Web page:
to maximally active for the cell to divide every 24 hours (Table 10-2). That is, multiple RNA polymerases must be loaded onto and transcribing each rRNA gene at the same time (see Figure 12-32).

All eukaryotes, including yeasts, contain 100 or more copies of the genes encoding 5S rRNA and the large and small subunit rRNAs. The importance of repeated rRNA genes is illustrated by Drosophila mutants called bobbed (because they have stubby wings), which lack a full complement of the tandemly repeated pre-rRNA genes. A bobbed mutation that reduces the number of pre-rRNA genes to less than «50 is a recessive lethal mutation.

Multiple copies of tRNA and histone genes also occur, often in clusters, but generally not in tandem arrays.

Most Simple-Sequence DNAs Are Concentrated in Specific Chromosomal Locations

Besides duplicated protein-coding genes and tandemly repeated genes, eukaryotic cells contain multiple copies of other DNA sequences in the genome, generally referred to as repetitious DNA (see Table 10-1). Of the two main types of repetitious DNA, the less prevalent is simple-sequence DNA, which constitutes about 3 percent of the human genome and is composed of perfect or nearly perfect repeats of relatively short sequences. The more common type of repetitious DNA, composed of much longer sequences, is discussed in Section 10.3.

Simple-sequence DNA is commonly called satellite DNA because in early studies of DNAs from higher organisms using equilibrium buoyant-density ultracentrifugation some simple-sequence DNAs banded at a different position from the bulk of cellular DNA. These were called satellite bands to distinguish them from the main band of DNA in the buoyant-density gradient. Simple-sequence DNAs in which the repeats contain 1-13 base pairs are often called microsatellites. Most have repeat lengths of 1-4 base pairs and usually occur in tandem repeats of 150 base pairs or fewer. Microsatellites are thought to have originated by "backward slippage" of a daughter strand on its template strand during DNA replication so that the same short sequence is copied twice.

Microsatellites occasionally occur within transcription units. Some individuals are born with a iU larger number of repeats in specific genes than observed in the general population, presumably because of daughter-strand slippage during DNA replication in a germ cell from which they developed. Such expanded microsatellites have been found to cause at least 14 different types of neuromuscular diseases, depending on the gene in which they occur. In some cases expanded microsatellites behave like a recessive mutation because they interfere with the function or expression of the encoded gene. But in the more common types of diseases associated with expanded microsatellite repeats, myotonic dystrophy and spinocerebellar ataxia, the expanded repeats behave like dominant mutations because they interfere with RNA processing in general in the neurons where the affected genes are expressed. I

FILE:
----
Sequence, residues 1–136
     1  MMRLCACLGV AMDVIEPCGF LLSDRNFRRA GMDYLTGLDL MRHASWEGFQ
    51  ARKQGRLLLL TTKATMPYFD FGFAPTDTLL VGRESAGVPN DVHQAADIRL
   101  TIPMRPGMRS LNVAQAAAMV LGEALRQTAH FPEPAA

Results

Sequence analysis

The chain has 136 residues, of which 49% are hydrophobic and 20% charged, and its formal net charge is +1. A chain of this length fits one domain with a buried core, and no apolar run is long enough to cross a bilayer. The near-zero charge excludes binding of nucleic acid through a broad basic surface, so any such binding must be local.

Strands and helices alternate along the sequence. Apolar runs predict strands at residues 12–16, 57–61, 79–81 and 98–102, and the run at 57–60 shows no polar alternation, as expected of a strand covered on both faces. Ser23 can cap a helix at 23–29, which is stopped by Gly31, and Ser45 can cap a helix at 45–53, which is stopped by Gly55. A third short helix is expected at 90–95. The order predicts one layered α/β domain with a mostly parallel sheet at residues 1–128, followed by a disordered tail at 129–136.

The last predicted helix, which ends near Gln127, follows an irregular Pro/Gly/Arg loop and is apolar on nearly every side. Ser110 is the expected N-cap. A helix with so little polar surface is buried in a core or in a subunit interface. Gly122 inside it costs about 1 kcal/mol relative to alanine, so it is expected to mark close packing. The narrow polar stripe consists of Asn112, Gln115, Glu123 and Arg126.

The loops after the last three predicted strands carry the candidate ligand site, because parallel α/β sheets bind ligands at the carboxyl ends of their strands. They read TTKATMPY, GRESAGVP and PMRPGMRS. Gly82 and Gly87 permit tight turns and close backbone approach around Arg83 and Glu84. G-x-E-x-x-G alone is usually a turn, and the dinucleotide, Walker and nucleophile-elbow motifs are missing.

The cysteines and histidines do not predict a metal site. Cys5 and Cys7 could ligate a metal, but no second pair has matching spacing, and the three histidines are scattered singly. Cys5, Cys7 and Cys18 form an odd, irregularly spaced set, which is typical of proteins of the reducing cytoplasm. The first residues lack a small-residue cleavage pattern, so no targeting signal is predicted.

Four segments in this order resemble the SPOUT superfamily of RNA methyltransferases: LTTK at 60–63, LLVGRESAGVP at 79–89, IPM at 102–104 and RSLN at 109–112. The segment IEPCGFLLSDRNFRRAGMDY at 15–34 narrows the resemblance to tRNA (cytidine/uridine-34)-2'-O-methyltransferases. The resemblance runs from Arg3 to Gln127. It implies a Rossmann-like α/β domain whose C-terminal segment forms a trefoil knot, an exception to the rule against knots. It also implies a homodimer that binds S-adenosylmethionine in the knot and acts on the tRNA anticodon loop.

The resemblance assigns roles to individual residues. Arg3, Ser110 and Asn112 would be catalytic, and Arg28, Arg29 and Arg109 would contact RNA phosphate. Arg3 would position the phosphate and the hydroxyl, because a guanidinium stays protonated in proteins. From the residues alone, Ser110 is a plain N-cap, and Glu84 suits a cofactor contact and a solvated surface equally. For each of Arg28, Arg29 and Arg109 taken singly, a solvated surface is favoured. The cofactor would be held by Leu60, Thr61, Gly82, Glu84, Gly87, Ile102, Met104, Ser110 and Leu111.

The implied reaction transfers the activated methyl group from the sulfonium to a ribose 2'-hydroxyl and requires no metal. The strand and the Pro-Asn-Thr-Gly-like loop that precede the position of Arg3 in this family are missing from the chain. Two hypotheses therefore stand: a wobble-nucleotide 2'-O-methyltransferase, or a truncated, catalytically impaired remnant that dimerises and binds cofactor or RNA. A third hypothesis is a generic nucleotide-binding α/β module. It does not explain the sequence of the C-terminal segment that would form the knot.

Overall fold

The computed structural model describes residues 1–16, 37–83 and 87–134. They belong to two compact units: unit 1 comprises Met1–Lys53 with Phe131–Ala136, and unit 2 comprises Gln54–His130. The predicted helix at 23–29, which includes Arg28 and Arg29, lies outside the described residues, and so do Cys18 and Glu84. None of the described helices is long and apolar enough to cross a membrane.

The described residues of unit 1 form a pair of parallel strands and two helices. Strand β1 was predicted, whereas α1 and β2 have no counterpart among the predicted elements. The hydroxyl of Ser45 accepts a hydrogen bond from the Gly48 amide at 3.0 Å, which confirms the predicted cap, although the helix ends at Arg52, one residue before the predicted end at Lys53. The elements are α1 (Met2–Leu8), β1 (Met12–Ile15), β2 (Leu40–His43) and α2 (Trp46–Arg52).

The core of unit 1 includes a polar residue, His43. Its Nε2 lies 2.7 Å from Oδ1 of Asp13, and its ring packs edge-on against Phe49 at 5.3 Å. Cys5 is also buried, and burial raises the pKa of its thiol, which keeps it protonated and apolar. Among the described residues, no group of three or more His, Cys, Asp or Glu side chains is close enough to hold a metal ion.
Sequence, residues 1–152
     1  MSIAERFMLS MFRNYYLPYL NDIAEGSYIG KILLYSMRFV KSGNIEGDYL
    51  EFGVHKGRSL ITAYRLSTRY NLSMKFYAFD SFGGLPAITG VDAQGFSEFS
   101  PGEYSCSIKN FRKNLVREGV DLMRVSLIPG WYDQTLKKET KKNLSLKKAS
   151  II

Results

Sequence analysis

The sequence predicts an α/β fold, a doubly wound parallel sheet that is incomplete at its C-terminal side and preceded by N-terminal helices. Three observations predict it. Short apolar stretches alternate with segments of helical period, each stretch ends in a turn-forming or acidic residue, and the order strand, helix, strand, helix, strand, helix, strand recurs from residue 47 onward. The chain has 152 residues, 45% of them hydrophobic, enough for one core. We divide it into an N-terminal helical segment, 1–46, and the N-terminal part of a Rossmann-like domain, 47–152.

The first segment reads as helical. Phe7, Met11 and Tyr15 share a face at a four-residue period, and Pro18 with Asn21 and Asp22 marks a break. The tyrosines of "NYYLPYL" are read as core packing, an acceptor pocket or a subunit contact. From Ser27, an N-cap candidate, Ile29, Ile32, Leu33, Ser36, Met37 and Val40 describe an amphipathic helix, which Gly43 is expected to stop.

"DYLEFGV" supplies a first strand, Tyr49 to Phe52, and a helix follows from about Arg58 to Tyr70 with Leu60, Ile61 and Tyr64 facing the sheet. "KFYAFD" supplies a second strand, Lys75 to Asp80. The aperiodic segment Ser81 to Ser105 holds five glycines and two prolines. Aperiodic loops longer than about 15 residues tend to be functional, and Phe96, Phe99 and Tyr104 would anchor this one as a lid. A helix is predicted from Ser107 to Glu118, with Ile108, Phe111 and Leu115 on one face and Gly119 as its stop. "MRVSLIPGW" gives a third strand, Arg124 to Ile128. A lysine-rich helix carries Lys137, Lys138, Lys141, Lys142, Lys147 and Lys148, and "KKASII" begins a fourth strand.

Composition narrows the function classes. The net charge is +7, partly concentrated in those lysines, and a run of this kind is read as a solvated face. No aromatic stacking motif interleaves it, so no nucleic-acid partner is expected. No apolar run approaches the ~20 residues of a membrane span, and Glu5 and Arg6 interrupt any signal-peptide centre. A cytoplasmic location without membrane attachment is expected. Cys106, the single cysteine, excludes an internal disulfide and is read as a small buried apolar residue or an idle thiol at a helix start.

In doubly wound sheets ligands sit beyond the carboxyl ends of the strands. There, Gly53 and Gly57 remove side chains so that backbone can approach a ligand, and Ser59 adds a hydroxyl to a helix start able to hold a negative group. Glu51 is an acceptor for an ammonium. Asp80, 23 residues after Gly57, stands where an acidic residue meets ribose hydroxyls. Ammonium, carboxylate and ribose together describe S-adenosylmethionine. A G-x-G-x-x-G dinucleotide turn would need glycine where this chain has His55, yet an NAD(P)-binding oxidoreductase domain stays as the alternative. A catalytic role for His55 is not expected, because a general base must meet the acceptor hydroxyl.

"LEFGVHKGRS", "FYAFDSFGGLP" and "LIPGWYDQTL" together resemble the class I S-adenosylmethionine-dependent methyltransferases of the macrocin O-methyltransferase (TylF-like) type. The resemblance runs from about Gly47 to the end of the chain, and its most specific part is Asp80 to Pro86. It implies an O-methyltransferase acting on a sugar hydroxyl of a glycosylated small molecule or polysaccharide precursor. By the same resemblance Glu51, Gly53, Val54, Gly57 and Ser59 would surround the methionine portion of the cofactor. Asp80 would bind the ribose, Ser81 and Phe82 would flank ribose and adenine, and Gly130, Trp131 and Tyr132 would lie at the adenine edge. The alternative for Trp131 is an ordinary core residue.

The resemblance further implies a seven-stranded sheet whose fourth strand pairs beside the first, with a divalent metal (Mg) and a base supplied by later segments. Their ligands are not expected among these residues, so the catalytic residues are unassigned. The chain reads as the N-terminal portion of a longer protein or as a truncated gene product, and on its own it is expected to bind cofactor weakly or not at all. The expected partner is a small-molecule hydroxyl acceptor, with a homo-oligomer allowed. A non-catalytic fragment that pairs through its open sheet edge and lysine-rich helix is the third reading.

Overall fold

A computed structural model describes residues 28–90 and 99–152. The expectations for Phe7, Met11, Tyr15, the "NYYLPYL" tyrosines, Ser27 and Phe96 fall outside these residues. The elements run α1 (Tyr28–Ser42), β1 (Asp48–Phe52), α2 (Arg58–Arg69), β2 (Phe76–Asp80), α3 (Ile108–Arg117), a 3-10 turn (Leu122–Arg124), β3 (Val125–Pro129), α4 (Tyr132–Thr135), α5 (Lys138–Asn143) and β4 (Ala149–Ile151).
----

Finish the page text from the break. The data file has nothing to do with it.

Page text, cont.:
▲ EXPERIMENTAL FIGURE 10-5 Simple-sequence DNAs are useful chromosomal markers. Human metaphase chromosomes stained with a fluorescent dye were hybridized in situ with a particular simple-sequence DNA labeled with a fluorescent biotin derivative. When viewed under the appropriate wavelength of light, the DNA appears red and the hybridized simple-sequence DNA appears as a yellow band on chromosome 16, thus locating this particular simple sequence to one site in the genome. [See R. K. Moyzis et al., 1987, Chromosoma 95:378; courtesy of R. K. Moyzis.]

Most satellite DNA is composed of repeats of 14-500 base pairs in tandem repeats of 20-100 kb. In situ hybridization studies with metaphase chromosomes have localized these satellite DNAs to specific chromosomal regions. In most mammals, much of this satellite DNA lies near centromeres, the discrete chromosomal regions that attach to spindle microtubules during mitosis and meiosis. Satellite DNA is also located at telomeres, the ends of chromosomes, and at specific locations within chromosome arms in some organisms. These latter sequences can be useful for identifying particular chromosomes by fluorescence in situ hybridization (FISH), as illustrated in Figure 10-5.

Simple-sequence DNA located at centromeres may assist in attaching chromosomes to spindle microtubules during mitosis. As yet, however, there is little clear-cut experimental evidence demonstrating any function for most simple-sequence DNA, with the exception of the short repeats at the very ends of chromosomes discussed in a later section.

DNA Fingerprinting Depends on Differences in Length of Simple-Sequence DNAs

Within a species, the nucleotide sequences of the repeat units composing simple-sequence DNA tandem arrays are highly conserved among individuals. In contrast, differences in the number of repeats, and thus in the length of simple-sequence tandem arrays containing the same repeat unit, are quite common among individuals. These differences in length are

Simple-sequence tandem array

Individual 2

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